Challenges, lessons learned, and limitations
A primary challenge to any RR is balance between speed and rigor. This issue is even more pronounced in the context of COVID-19 given the massive amount of data and the urgency with which evidence is needed to inform decisions. The streamlined approach of RRs (e.g., single reviewer screening) will always introduce some degree of bias, so it is important to establish and follow a transparent process. The evolving evidence landscape has necessitated many changes to our typical RR methodology; we anticipate further changes may be needed. For example, in addition to accepting and addressing new and emerging public health questions, we have committed to maintaining a living RR of the role of schools and daycares in COVID-19 transmission , given the ongoing importance of this question.
We are aware of other Canadian and international organizations conducting RRs on a number of topics related to COVID-19; many report adaptations to the RR process that are similar to ours [17, 23, 43,44,45,46]. For example, many include preprints and grey literature, when previously, only published sources were included . Cochrane emphasizes involving stakeholders throughout the process to better tailor the RR for decision-making  and established a question identification and prioritization approach . The Usher Network for COV(id) Evidence Reviews (UNCOVER) recommends against restricting to English-language, as a large volume of COVID-19 research has emerged from non-English-speaking countries . All groups reiterate the importance of speed and critical appraisal, some adopting new software to achieve this [17, 23, 45, 46].
Although wide variations in RR methodology have been reported both in response to the COVID-19 pandemic, and in general , overall those conducting COVID-19 specific RRs appear to have distinct methodological features across groups. A 2015 scoping review of RR methods, of those that reported the duration of conduct of the RR, most were completed in 1–6 months ; while many COVID-19 RRs are produced more quickly. Within general rapid reviews, the most common approaches to streamlining include: presenting results as a narrative summary (78 %), limiting criteria by date (68 %), liming the search to published literature (24 %), and having one person extract data and a second person verify (23 %) .
From January 1-April 30, 2020, there were > 6,000 COVID-19-related manuscripts posted across preprint servers with > 250 preprints posted weekly . While this rapid response is impressive, there is the potential that quick production of poor quality, non-peer-reviewed evidence may later be retracted or substantially alter its findings before publication . Critical appraisal is therefore imperative, but also challenging as our team noted that methods often included minimal details. Like the NCCMT, many groups have recognized the need to assess the certainty in the findings and have incorporated GRADE .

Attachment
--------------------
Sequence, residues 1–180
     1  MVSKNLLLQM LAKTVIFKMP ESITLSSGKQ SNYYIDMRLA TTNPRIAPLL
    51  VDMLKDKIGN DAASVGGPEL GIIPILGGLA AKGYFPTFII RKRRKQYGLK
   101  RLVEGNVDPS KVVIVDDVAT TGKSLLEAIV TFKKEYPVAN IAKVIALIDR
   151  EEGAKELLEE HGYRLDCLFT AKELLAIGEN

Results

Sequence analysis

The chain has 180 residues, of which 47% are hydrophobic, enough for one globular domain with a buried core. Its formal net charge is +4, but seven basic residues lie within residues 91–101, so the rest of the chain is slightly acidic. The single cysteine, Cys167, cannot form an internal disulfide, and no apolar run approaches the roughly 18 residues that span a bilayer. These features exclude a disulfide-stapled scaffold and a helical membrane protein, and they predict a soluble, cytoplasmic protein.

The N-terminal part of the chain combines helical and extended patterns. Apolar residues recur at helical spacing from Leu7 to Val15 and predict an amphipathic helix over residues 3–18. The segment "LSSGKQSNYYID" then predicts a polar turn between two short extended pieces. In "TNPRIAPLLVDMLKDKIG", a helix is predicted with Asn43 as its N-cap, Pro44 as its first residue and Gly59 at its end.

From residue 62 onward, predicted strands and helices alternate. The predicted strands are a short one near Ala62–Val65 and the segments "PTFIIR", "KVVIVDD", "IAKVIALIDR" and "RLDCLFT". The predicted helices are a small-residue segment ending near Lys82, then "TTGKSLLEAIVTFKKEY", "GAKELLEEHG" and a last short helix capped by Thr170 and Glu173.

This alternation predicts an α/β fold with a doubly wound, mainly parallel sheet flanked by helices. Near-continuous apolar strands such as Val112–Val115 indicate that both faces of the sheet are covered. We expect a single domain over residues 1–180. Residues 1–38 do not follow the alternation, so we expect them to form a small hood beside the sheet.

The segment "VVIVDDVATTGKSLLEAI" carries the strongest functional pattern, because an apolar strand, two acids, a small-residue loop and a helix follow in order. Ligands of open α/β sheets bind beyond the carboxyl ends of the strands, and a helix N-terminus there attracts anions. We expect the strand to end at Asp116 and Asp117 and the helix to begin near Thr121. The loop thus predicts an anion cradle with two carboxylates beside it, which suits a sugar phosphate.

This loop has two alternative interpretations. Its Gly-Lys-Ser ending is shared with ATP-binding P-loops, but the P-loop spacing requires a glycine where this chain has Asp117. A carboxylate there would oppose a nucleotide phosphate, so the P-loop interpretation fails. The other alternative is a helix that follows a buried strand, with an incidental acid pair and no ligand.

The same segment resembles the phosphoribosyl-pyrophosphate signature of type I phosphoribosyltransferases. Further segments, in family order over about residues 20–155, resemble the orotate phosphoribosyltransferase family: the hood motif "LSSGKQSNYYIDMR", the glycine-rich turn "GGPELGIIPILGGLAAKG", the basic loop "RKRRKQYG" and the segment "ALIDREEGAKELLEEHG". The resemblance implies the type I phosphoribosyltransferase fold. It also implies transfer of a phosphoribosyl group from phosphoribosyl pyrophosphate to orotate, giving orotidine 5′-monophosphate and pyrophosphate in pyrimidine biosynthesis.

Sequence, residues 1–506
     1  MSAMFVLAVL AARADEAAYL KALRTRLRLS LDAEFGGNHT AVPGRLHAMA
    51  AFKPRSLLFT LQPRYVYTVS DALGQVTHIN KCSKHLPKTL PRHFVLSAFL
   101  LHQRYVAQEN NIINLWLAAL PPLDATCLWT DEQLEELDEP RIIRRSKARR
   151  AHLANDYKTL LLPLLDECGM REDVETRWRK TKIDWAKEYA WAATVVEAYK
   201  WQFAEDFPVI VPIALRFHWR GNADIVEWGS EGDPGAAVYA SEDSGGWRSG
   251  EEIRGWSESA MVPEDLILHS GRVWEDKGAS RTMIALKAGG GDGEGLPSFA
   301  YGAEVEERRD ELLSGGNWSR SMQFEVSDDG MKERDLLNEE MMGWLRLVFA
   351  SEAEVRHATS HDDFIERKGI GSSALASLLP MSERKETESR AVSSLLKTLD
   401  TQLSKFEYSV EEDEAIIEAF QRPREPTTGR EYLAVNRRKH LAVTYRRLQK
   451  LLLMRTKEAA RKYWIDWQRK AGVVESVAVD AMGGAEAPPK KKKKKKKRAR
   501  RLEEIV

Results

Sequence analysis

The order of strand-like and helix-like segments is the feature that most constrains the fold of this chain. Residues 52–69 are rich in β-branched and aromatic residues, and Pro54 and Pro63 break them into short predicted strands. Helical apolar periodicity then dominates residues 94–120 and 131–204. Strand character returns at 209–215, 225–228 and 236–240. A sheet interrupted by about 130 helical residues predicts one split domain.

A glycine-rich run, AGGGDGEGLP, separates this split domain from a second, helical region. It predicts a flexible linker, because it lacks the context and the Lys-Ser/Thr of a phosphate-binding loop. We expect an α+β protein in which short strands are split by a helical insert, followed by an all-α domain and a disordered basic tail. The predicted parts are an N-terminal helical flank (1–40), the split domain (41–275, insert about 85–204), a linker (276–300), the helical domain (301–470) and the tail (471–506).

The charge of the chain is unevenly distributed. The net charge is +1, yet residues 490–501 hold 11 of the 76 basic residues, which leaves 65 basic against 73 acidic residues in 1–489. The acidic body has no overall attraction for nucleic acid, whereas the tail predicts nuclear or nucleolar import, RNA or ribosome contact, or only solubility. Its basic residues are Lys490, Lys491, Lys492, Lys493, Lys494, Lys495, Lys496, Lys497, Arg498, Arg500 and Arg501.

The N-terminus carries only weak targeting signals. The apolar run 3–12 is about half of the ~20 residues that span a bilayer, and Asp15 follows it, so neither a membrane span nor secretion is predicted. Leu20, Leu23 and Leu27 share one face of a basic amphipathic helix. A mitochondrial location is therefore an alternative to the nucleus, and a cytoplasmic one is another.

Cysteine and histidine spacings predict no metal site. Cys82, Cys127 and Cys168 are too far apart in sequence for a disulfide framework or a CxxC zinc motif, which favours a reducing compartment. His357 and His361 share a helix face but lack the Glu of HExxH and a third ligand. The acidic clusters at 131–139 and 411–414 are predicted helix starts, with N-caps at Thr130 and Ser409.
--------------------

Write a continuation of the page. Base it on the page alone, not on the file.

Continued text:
Our organization is fortunate to have been well-prepared, in terms of staff expertise and funder support, to rapidly respond to public health needs in this time of crisis. Given specialized skills and a dedicated, nimble team, it was possible to pivot from previous workplans and use rigorous methods to develop RRs in a much faster timeframe than has been reported pre-pandemic (average 3.2 months , range 1–12 months ). However, we faced a number of challenges from both a human and financial resources perspective. While some reviews fell neatly within our planned time frames, some required greater resource allocation due to the number of eligible studies (e.g. a RR on transmission risk in acute care settings ). Although our team has expertise in searching, critical appraisal, and synthesis, we do not have content area expertise in all fields related to infectious diseases. For questions focused on basic science, laboratory, or mathematical modelling studies, we connected with modelling and infectious disease experts at McMaster Univesity and the National Collaborating Centres for Indigenous Health, Infectious Disease, and Environmental Health. Over time, we have shifted our response to these questions by either partnering with other oganizations with specific content expertise to support completion or recommending other organizations that could complete the review.